Like many of you, I just discovered that we can buy a Playstation 3 for $299.99. Wonder of wonders, miracle of miracles.
This caught my attention. Sweet action-packed excitement in full 1080p glory. Not to mention it can read Blu Rays.
When this historically low price came out, I told a friend that I might have to finally get one. Why not? It’s a historically low price.
A couple weeks passed and I still didn’t get one. Maybe I was waiting for some magical leprechaun to drop an extra 300 bucks in my money clip, or maybe I was waiting for the price to drop another hundred bucks.
My friend recently asked me if I had bought one. After telling him that I hadn’t, he asked why. “It just doesn’t seem worth the money, I guess.”
“Did you ever buy games systems when you were younger?” This seemed like a random question to me, but I went with it.
“Not really. I never spent much money on games systems. I was always buying guitar pedals. I guess playing guitar just seemed more fun.”
My friend laughed, “And that’s why you can play like Lincoln Brewster and the rest of us can’t.” (This is not to say that I am the only one in the world who can play like Lincoln or that I can even really be put on the same level of playing as Lincoln. I can personally say that I know five people who can mimic his playing well, and I am acquainted with two who could really give him a run for his money. It is just that my friend and I were with a select group of people, many of whom couldn’t play guitar, none of which had a chance of sounding like Lincoln Brewster.)
The Attitudes That Automatically Improve Your Playing
There are two mentalities my friend illustrated in that discussion that can turn you (and me and anyone else who may be reading) into a really good and proficient guitarist. I have seen time and again that when these attitudes are adopted players start to improve by leaps and bounds.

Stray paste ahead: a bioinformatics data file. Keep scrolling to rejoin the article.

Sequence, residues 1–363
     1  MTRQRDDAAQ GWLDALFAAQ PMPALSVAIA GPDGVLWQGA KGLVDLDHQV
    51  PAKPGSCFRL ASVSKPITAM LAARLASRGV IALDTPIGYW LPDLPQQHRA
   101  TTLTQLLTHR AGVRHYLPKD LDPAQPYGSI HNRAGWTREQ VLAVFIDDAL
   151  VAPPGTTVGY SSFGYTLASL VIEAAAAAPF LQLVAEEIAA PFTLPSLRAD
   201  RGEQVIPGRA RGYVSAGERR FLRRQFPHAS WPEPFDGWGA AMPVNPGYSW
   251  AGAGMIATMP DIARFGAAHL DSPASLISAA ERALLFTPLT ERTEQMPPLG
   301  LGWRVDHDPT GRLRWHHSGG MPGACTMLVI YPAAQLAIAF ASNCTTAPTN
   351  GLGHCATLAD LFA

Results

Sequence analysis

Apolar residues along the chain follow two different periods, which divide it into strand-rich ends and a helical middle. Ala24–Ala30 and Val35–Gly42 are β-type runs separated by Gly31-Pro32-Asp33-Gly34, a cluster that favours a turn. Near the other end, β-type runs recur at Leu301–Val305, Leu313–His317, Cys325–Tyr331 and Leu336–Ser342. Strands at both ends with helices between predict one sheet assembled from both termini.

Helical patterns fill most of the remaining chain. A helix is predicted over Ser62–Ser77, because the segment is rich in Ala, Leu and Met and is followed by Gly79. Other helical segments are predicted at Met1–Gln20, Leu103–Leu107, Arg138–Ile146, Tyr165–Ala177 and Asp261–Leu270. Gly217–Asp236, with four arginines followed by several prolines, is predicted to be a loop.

Attitude #1: Love picking up the guitar.
This is elemental yet profound. When picking up the guitar is more fascinating than picking up an Xbox controller, improvement will happen.
I have a theory: We don’t just get better at things we do often, we get better at things we love to do. When we really enjoy playing guitar our mind is more relaxed, open to new things, and more alert to what it is experiencing.
If we don’t enjoy playing guitar then we never get past feeling like it is a chore. All of our energy is taken up thinking how much we don’t like doing what we are doing.
Attitude #2: Love pushing the limits.
When you do pick up the guitar, find excitement in pushing yourself. Stay relaxed, but don’t be afraid to sound bad while trying something new and more challenging.
This is sort of like the gamer who plays a Tony Hawk game. Every time he plays the game, he polishes some old tricks then attempts some new ones. The little Tony Hawk icon falls with a bone-crushing splatter, but that doesn’t stop our gamer (his bones are fine).
In seconds, the gamer has revaluated how to perform the trick and is trying it again. This process for the gamer is fun and exciting.
When we adopt this attitude it makes making progress fun and accelerates our playing.
Love Conquers All
When we love picking up the guitar more than the Playstation controller, not only will we enjoy practicing, but practicing will become more productive.